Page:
No, the issue is - once again - law suits for negligence and the reaction to them. Last week's pounds 105m High Court judgment against Binder Hamlyn was shocking in part because only a few within the profession even knew the case was going on. But the real drama arose because - in what is believed to be the first instance - the firm admitted that it did not have enough insurance cover to meet the award. This meant there was a real prospect of the partners - even those who have been absorbed into the immensely successful Arthur Anderson - being forced into bankruptcy.
It put into focus the week's other groundbreaking event: the emergence of plans by Ernst & Young, headed by Nick Land, and Price Waterhouse, headed by Ian Brindle, for registering their businesses in Jersey in order to obtain limited liability partnership status, and so, they hope, avoid the risk of being obliterated by a claim. Since even the firms themselves can see that going offshore has negative connotations, this is clearly a desperate measure for desperate times.
Because KPMG has already opted to seek greater protection from the spiralling claims for redress for negligent work by turning its audit practice into a limited company, KPMG Audit, observers have a chance to weigh up the pros and cons of each approach to liability limitation. Which would you choose?
KPMG's move amounts to only partial incorporation. Since turning the whole firm into a company would have cost a lot more in terms of lost tax advantages, senior partners have chosen to ring-fence the most vulnerable bit: the part that audits public companies. Though changes to the tax system will cancel out some of these benefits, partners will continue to enjoy lower National Insurance costs as a result of being self-employed, rather than company directors on PAYE.
Becoming a company brings a requirement of greater financial disclosure. Because it is only incorporating part of its operation, KPMG is not obliged to publish accounts for the whole organisation. But it is doing so, as a marketing ploy.
It is sometimes said that adopting company status makes management more streamlined than is possible with several hundred partners. In fact, the days of all partners sitting around a table to decide on business decisions went when restrictions on the number of possible partners were lifted a couple of decades ago. Partnerships already ape the ways of companies, with all partners voting only on really big issues, and day-to-day running delegated to a team that does little client work.
So what difference does it make in the event of a legal claim? First, the organisation can be put out of business if it lacks sufficient assets to meet a claim. Second, the individual partner responsible can still be ruined. But partners unconnected with the case do not lose all their worldly goods because of the actions of someone who, in the modern firm, they have possibly never met.
Some rivals of KPMG have suggested that its partial incorporation might not provide this protection, since it could be possible for a determined litigant to involve the partnership in an action against the audit arm. If this proves to be so, it is likely that some leading legal advisers could find themselves in a situation with which accountants have become all too familiar.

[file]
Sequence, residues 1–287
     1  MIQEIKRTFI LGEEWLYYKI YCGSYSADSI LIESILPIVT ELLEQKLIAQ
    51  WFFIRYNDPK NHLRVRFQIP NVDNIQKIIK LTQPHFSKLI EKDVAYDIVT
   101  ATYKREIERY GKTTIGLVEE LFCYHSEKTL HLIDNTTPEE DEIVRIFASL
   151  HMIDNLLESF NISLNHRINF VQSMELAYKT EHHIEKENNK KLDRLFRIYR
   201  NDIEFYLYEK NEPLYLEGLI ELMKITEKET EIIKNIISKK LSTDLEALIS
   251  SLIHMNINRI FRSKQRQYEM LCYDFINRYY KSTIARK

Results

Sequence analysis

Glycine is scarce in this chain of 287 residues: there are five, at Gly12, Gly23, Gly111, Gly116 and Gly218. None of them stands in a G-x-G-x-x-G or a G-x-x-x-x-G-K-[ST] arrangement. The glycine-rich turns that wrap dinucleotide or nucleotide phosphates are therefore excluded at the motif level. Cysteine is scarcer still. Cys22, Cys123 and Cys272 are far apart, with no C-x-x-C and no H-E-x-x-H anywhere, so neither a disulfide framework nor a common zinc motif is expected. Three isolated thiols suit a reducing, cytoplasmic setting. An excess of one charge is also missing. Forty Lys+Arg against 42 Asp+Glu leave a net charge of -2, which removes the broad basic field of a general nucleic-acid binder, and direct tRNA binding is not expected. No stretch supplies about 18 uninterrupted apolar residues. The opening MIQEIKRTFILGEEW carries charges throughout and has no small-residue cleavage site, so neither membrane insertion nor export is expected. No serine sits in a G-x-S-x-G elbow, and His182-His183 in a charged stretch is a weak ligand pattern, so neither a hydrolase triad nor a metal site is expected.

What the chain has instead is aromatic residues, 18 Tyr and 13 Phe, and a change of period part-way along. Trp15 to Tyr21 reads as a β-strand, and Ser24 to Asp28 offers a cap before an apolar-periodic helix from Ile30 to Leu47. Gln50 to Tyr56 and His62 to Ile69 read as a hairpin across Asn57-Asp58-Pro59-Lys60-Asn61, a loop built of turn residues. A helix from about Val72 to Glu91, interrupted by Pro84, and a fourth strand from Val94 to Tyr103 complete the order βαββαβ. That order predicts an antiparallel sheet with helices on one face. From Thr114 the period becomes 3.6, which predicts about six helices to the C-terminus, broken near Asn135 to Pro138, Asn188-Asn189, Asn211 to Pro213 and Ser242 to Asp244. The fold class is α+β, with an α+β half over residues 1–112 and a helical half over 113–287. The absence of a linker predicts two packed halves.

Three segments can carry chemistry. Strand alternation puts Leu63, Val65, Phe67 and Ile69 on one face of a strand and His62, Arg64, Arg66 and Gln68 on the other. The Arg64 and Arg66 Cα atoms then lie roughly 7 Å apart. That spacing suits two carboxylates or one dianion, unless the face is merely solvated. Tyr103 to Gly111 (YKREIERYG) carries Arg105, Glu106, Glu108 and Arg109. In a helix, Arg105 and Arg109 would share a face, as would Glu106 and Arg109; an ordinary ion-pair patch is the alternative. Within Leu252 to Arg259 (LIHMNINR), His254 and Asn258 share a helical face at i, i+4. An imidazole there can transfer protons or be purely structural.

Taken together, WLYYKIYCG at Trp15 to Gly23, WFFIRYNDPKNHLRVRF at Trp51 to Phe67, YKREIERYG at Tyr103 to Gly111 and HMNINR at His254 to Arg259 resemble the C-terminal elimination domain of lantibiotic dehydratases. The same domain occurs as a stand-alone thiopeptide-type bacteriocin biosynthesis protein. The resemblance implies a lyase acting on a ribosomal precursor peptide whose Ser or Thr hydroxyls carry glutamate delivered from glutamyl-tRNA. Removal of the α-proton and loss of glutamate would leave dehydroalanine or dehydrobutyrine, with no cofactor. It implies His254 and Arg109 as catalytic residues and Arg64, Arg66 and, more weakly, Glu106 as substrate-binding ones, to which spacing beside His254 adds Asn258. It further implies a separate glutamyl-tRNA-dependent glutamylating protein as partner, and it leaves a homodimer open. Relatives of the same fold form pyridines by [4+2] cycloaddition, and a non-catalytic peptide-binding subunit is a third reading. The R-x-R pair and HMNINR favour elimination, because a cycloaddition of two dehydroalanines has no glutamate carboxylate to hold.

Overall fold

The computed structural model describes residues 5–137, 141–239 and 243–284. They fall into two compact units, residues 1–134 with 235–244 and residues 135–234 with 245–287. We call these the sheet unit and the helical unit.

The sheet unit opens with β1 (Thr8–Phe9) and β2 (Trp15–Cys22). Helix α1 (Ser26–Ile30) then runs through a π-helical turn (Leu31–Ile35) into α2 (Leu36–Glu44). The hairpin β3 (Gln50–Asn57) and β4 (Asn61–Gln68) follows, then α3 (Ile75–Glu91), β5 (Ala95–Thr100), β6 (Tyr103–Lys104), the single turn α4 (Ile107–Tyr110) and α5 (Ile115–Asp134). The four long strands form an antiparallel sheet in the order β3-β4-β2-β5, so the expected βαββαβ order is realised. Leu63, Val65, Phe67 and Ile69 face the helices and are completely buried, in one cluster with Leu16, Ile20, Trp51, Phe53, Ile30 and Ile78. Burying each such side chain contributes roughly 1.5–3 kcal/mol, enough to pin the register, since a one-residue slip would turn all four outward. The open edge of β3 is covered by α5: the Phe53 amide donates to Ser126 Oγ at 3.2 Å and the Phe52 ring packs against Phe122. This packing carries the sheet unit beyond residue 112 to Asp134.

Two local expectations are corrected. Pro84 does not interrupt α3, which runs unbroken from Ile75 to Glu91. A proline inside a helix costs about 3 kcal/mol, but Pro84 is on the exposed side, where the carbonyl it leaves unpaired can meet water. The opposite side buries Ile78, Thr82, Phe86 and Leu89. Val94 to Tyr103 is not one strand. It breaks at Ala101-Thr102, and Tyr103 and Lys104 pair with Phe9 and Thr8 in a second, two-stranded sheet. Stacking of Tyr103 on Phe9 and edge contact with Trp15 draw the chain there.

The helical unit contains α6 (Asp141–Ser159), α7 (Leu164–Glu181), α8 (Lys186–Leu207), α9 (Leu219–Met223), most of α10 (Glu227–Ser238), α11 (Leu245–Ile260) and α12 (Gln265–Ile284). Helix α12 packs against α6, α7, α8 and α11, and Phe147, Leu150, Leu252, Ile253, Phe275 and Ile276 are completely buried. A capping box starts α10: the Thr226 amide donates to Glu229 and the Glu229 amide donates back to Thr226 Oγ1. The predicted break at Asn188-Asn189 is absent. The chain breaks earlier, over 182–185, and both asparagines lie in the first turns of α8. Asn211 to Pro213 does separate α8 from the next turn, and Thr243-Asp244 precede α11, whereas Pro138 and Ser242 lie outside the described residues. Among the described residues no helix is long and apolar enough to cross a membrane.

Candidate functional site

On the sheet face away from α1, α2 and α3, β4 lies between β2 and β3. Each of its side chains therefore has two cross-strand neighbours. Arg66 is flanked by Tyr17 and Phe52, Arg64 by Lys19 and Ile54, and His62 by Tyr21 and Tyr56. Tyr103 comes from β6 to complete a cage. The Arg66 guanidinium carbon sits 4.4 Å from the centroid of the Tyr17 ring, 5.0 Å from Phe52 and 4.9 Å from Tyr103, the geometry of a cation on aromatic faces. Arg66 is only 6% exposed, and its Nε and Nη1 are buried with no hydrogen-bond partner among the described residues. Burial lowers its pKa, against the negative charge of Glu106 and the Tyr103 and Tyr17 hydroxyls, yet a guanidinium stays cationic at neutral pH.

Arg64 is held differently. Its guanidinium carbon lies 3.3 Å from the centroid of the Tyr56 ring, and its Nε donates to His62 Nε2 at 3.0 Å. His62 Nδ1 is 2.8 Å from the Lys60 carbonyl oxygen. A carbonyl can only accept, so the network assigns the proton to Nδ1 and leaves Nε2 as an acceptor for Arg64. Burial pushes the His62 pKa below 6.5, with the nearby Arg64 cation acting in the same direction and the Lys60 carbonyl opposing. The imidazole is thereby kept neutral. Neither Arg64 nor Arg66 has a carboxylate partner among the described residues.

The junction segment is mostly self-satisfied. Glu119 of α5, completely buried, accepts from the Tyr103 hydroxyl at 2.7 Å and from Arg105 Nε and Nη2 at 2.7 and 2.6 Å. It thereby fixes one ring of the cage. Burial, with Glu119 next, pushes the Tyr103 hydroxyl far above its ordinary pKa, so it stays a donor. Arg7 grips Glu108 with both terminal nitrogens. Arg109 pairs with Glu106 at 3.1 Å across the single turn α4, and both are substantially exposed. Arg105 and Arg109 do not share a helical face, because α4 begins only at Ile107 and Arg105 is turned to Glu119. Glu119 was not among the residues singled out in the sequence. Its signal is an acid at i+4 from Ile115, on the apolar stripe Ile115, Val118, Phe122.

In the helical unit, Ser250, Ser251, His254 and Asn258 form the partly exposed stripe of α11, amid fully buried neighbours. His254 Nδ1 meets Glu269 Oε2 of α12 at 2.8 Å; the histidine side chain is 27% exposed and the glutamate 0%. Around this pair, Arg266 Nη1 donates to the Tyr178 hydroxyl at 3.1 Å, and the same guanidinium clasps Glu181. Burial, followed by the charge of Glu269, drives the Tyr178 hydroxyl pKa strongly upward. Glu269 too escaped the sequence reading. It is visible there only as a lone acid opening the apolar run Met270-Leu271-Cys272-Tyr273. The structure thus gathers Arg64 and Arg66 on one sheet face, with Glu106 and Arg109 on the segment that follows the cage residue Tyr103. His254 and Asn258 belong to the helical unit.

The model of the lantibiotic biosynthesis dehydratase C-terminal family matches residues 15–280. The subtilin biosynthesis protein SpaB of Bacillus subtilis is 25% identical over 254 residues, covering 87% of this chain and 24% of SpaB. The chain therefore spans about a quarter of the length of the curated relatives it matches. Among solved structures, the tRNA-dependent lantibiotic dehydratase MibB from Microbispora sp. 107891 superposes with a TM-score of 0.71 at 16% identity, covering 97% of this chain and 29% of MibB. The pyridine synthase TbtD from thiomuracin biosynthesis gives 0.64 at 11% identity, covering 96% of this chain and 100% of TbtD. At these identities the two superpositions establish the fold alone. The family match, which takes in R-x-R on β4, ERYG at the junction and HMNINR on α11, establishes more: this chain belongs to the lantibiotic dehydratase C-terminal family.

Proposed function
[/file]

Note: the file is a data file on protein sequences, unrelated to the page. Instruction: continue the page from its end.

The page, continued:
Limited liability partnership
The concept has existed for some time in Britain, but has been of little help because of the requirement that those seeking to use it not take any part in the running of the business. What Jersey is planning is something like the system the US state of Delaware introduced last year. In return for a deposit of a few million pounds (to meet routine claims), a large professional firm will be able to obtain for all its partners the same sort of limited liability available to companies without giving up the ethos of being a partnership.
This is important because, although proponents of incorporation insist that the partnership culture is not lost with the mere change of name, others say they are deeply attached to such partnership fundamentals as co-operation and sharing - except when it comes to colleagues' law suits.
A limited liability partnership is an attempt to have the best of both worlds, since partners will continue to have the same sort of tax advantages as members of traditional partnerships while at least partially protecting themselves from the prospect of being ruined by a large claim. The firms looking at going offshore insist they are not being drawn by the tax breaks for which places such as Jersey are noted but will continue to pay taxes as if they were registered in Britain.
So what is the bottom line? Much the same as for incorporated bodies. The whole body can be knocked out by an aggrieved litigant, while the individual partner found to be at fault can also be ruined. But other partners' assets are protected.
There is a third option, strongly defended by Touche Ross: stay as you are. This firm is not the only one to see the partnership culture as special. Others point out that - even with the moves towards more modern management styles - partnerships encourage ideas of not wanting to let one another down. Furthermore, says one managing partner, they aid recruitment, since the urge to gain the recognition that being a partner brings is greater than the desire to be a manager.
But that leaves everyone exposed to legal action, regardless of their involvement - which is where we came in. Touche's stance, if it represents the firm's true attitudes (and not everyone is sure it does), could be a brave one. And not only because it will look isolated if, as seems likely, Anderson and Coopers & Lybrand announced plans to take one route or other. Rather, if it becomes the only surviving partnership, it will be that much more vulnerable to the wipe-out claim of which insiders fear the Binder case is just a harbinger.